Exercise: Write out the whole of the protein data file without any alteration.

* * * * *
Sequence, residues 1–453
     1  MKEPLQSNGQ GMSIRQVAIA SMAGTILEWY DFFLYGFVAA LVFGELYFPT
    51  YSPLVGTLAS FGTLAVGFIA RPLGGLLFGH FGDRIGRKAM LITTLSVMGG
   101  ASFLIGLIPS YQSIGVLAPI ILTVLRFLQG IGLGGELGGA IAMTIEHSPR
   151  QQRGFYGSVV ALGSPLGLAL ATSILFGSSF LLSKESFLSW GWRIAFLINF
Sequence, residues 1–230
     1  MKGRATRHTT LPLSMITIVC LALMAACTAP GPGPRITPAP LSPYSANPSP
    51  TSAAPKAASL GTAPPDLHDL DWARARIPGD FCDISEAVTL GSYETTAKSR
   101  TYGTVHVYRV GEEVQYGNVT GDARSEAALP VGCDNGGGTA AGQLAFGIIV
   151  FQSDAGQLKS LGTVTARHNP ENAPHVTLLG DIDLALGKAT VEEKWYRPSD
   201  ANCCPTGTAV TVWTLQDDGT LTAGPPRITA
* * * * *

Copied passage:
Sequence, residues 1–453
     1  MKEPLQSNGQ GMSIRQVAIA SMAGTILEWY DFFLYGFVAA LVFGELYFPT
    51  YSPLVGTLAS FGTLAVGFIA RPLGGLLFGH FGDRIGRKAM LITTLSVMGG
   101  ASFLIGLIPS YQSIGVLAPI ILTVLRFLQG IGLGGELGGA IAMTIEHSPR
   151  QQRGFYGSVV ALGSPLGLAL ATSILFGSSF LLSKESFLSW GWRIAFLINF
Sequence, residues 1–230
     1  MKGRATRHTT LPLSMITIVC LALMAACTAP GPGPRITPAP LSPYSANPSP
    51  TSAAPKAASL GTAPPDLHDL DWARARIPGD FCDISEAVTL GSYETTAKSR
   101  TYGTVHVYRV GEEVQYGNVT GDARSEAALP VGCDNGGGTA AGQLAFGIIV
   151  FQSDAGQLKS LGTVTARHNP ENAPHVTLLG DIDLALGKAT VEEKWYRPSD
   201  ANCCPTGTAV TVWTLQDDGT LTAGPPRITA